There are more than just moral reasons why the industry should be pushing for better diversity. With such a high number of female players, a more representative workforce will help better cater to their needs and tastes.

"It's been shown that the male dominance of video game playing has been disproven," O'Brien says. "Female representation in teams should match the demographic of their customer base.

"It has been repeatedly shown that having more women on a team not only increases creativity, but can actually be more profitable"

"And it has been repeatedly shown that having more women on a team not only increases creativity, but can actually be more profitable - a business imperative - in the long run."

Reaching out to women who are already considering a role in video games is not enough. The biases that deter younger girls from exploring such a career path are actually affecting the potential talent pool at "a grassroots, educational level".

"Due to deeply rooted socio-cultural bias, women at a young age can be encouraged away from technical or scientific fields, which is a travesty," says O'Brien.

"As women grow older and start looking for careers, those deeply rooted biases can encourage them away from gaming towards other industries. Also, throughout their educational career path, they might not seek out the admittedly very niche or esoteric skills necessary for success in the gaming sector. So it's a confluence of factors - all of which can begin to be addressed by providing young women with the resources necessary to counter these biases.

"Other companies can start by ensuring women in the industry and those within their own organisations receive ample support, education and the necessary resources to succeed in the gaming industry. Employees within the organisation should also receive education about the necessity of gender parity within any industry. This is not just as a moral imperative, but as a business one. Women are half of the talent pool - it is an unwise business decision to not take advantage of that."


While it's important to support women already established in the industry, Gram has found The 22% Project resonates best with university students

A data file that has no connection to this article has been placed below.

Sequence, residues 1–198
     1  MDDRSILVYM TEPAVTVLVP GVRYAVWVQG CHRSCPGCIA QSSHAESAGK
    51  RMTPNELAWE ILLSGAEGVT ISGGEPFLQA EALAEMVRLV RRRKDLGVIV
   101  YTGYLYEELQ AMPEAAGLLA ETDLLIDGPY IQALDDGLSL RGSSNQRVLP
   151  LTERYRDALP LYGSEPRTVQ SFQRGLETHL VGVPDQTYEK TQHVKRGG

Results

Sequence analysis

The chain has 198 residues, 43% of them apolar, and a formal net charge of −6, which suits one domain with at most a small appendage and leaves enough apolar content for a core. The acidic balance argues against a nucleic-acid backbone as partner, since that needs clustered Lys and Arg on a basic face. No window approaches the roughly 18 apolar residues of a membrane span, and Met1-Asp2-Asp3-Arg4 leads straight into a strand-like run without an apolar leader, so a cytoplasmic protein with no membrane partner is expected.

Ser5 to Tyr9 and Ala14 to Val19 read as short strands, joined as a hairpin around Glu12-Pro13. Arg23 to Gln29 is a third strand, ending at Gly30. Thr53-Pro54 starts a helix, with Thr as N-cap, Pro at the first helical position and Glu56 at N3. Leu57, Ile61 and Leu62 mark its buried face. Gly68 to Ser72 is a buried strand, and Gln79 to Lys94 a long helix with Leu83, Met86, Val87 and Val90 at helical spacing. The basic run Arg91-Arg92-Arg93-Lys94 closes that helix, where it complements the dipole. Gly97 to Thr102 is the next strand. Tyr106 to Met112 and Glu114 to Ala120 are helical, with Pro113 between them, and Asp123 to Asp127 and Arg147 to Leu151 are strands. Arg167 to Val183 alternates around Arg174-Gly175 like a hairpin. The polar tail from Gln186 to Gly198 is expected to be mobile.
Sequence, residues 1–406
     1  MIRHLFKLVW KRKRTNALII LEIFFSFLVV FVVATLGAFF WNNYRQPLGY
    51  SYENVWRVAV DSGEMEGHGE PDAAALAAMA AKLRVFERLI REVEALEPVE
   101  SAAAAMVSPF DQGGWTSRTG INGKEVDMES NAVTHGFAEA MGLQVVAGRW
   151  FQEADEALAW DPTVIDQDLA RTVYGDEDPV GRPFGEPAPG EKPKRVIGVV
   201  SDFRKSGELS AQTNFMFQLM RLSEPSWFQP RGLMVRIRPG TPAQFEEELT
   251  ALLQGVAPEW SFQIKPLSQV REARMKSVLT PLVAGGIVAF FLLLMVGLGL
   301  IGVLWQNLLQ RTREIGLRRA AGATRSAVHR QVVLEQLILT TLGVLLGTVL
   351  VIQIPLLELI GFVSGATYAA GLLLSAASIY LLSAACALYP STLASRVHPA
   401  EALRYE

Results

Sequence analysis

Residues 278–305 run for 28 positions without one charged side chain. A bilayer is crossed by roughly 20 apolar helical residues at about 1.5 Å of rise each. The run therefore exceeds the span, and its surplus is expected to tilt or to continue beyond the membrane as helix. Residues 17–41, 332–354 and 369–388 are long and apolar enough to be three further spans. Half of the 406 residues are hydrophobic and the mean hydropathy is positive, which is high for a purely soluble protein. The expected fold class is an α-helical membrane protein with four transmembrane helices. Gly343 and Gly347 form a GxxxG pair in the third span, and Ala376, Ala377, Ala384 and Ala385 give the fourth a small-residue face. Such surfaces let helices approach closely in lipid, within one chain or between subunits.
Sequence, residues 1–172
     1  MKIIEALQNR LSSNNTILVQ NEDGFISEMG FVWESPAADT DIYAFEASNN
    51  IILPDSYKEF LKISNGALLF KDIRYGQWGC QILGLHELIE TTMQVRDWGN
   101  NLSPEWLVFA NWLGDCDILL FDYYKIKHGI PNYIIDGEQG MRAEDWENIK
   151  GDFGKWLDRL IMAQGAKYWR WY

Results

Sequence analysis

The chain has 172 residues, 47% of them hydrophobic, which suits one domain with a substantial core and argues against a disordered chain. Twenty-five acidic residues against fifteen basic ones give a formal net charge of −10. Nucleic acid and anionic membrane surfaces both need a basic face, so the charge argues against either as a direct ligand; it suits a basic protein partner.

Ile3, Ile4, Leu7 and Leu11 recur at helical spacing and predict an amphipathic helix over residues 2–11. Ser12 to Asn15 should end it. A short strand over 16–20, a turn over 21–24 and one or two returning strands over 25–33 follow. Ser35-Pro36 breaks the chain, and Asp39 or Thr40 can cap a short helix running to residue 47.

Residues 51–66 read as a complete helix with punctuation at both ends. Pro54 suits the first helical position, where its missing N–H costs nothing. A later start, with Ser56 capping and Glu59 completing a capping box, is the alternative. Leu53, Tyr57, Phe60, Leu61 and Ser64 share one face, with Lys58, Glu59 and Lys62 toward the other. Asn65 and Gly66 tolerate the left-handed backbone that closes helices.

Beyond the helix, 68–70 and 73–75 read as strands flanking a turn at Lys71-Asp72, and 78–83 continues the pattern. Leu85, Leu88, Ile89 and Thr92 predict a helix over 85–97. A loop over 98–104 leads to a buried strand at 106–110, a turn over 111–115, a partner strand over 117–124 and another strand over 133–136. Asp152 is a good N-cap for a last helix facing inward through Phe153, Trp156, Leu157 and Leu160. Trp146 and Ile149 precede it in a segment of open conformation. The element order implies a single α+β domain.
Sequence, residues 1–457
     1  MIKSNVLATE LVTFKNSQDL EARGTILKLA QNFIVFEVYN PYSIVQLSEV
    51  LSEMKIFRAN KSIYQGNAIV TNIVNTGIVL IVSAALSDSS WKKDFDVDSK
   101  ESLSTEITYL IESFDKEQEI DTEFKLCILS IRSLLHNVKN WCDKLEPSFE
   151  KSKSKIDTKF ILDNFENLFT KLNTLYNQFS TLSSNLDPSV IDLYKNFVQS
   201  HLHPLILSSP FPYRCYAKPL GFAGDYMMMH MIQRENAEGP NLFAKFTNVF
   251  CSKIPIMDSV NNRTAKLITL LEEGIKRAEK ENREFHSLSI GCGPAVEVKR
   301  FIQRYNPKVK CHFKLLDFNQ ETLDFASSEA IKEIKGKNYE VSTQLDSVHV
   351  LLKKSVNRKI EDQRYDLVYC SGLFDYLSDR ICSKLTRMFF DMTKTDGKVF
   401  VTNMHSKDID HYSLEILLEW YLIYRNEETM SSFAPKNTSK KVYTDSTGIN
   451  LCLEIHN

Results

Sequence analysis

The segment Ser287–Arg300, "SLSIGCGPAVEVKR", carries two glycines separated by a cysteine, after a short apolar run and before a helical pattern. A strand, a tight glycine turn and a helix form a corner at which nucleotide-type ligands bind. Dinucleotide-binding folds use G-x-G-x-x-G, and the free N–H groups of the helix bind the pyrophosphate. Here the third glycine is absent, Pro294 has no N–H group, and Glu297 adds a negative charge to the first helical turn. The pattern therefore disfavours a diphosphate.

Following the success of The 22% Project's first round of workshops, the London-based event will follow much the same structure. The objective is not just to recruit women, but to raise awareness of the possibilities our industry holds, and workshops aren't the only way to accomplish this.

"The issue of gender parity is one that requires full industry support and effort. Conferences are a great way to create the kind of visibility"

"We think education is imperative to help women break into the gaming industry," O'Brien says. "I think the pedagogical format of a workshop or conference is effective. They can provide women with the necessary resource, skill and information to break into the industry. Additionally, the issue of gender parity is one that requires full industry support and effort. Conferences are a great way to create the kind of visibility.

"The skills necessary for success in the gaming industry can be, as previously stated, quite specific or even esoteric. Many of these skills are not ones that would be automatically learned in a generic educational environment. We want to provide a space where these skills can be learned, so that, in the long run, women can be competitive for games industry careers.

"While we encourage women at all levels of the career path - be it student or mid-career professionals - we've found the women who show the most interest in The 22% Project are those at the university level. This is a particularly effective point at which to provide this kind of education and resources because many of these women haven't yet necessarily determined a specific career path - they might have an idea, or a particular interest, but they're not cemented into anything.